^{−3}); Table S8: Contingency table relative to the influence of the number of comorbidities on the probability of death for all COVID-19 diagnosed patients. The increase of probability with the number of comorbidities, as seen in the last column, is statistically significant (Chi-Square test: p-value < 10

^{−3}); Table S9: Contingency table relative to the influence on the probability of death of the number of comorbidities, for COVID-19 diagnosed patients. The table here concerns being admitted in ICU. The increase of probability with the number of comorbidities, as seen in the last column, is statistically non-significant, as obtained by the Chi-Square test; Table S10: Contingency table relative to the influence on the probability of death of the number of comorbidities, for COVID-19 diagnosed patients. The table here concerns not being admitted in ICU. The increase of probability with the number of comorbidities, as seen in the last column, is statistically significant (Chi-Square test: p-value < 10

^{−3}); Table S11: 2 × 2 contingency table relative to the influence on the probability of being admitted in ICU. The table here concerns patients of age under 60, with no comorbidity. The probability of death is significantly increased for patients admitted in ICU (Chi-Square test: p-value < 10

^{−3}).

## Author Contributions

## Funding

## Acknowledgments

## Conflicts of Interest

## References

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**Figure 2.**Age distributions of COVID-19 patients relative to the Veneto region health system (Italy), in the period 28 February–15 May 2020. (

**a**–

**c**) respectively refer to: whole tested patients, positive, and dead ones. The number of patients is also reported. The age range was discretized in equally spaced subintervals of 1 year. Means and standard deviations obtained are respectively: 53.4 and 20.8 for all the patients, 60.3 and 22.0 for the positive ones, and 83.6 and 10.1 for the positive, dead patients.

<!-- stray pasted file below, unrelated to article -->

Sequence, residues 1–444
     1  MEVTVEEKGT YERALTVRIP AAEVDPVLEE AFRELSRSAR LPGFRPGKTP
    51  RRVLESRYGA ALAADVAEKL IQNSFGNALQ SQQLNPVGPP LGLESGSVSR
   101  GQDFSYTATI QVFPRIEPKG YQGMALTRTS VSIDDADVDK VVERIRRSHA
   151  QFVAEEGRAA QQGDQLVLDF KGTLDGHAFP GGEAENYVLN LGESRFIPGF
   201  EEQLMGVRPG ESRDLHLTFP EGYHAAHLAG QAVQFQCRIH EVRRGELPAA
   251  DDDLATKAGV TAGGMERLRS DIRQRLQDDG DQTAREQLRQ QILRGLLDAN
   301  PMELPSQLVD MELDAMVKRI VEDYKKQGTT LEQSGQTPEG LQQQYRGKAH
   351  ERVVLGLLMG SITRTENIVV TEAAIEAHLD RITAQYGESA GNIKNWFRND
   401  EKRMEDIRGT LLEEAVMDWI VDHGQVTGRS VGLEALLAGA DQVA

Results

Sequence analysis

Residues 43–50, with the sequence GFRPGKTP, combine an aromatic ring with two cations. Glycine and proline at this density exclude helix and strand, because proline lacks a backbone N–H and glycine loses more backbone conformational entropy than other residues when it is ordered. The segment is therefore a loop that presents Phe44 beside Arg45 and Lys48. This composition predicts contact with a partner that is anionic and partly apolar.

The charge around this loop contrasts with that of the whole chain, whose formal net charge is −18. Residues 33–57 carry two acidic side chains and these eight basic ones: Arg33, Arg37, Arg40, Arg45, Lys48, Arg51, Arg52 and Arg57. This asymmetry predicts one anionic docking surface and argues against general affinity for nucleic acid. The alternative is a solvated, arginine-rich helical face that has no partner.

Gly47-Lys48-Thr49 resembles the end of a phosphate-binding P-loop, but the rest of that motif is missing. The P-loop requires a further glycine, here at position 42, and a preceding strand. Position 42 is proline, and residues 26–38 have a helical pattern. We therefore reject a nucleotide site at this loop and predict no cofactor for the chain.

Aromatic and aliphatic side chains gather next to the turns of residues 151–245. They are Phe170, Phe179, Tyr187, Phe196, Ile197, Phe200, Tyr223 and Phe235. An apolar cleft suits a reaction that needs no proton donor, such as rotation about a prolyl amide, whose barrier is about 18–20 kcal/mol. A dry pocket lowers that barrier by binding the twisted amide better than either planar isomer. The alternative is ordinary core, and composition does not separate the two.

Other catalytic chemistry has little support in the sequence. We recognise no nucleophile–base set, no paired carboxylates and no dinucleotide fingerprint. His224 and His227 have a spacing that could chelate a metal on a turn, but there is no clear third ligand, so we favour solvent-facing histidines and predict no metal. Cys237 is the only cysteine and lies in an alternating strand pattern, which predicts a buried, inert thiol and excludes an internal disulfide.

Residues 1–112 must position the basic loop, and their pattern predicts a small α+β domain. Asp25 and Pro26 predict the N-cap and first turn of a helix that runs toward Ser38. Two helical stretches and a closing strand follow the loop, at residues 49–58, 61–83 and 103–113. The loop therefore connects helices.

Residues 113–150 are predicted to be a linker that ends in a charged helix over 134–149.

**Figure 3.**Distribution of dead patients conditioned to the test positivity. To obtain the figure, we took for each age the ratio between the kernel density estimation in Figure 2c by that in Figure 2b, and then we normalized it. The age range was discretized in equally spaced subintervals of 1 year.

**Figure 4.**Time between first symptoms and first positive test of COVID-19 patients in Veneto, in the time interval 24 February–15 May 2020. The temporal range was discretized in equally spaced subintervals of 1 day. (

**a**–

**c**) refers to the positive tested whole population, females and males, respectively. The number of patients is also reported. Means and standard deviations obtained are respectively: 7.89 and 7.28 for all the patients, 7.84 and 7.5 for the females, and 7.93 and 7.06 for the males.

**Figure 5.**(

**a**): Probability of death as a function of the number of comorbidities (see also Table S8 of the Supplementary Materials). The continuous line represents the best fit given by the extended logistic function. (

**b**): the same as (a) but relative to being admitted or not to ICU (see Tables S9 and S10 of the Supplementary Materials). For the patients admitted to ICU, the best fit is given by a horizontal straight line. Instead, the best fit for the death probability of patients not being admitted to ICU is obtained with an extended logistic function (continuous curve in the panel).

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**MDPI and ACS Style**

Spassiani, I.; Gubian, L.; Palù, G.; Sebastiani, G.
Vaccination Criteria Based on Factors Influencing COVID-19 Diffusion and Mortality. *Vaccines* **2020**, *8*, 766.
https://doi.org/10.3390/vaccines8040766

**AMA Style**

Spassiani I, Gubian L, Palù G, Sebastiani G.
Vaccination Criteria Based on Factors Influencing COVID-19 Diffusion and Mortality. *Vaccines*. 2020; 8(4):766.
https://doi.org/10.3390/vaccines8040766

**Chicago/Turabian Style**

Spassiani, Ilaria, Lorenzo Gubian, Giorgio Palù, and Giovanni Sebastiani.
2020. "Vaccination Criteria Based on Factors Influencing COVID-19 Diffusion and Mortality" *Vaccines* 8, no. 4: 766.
https://doi.org/10.3390/vaccines8040766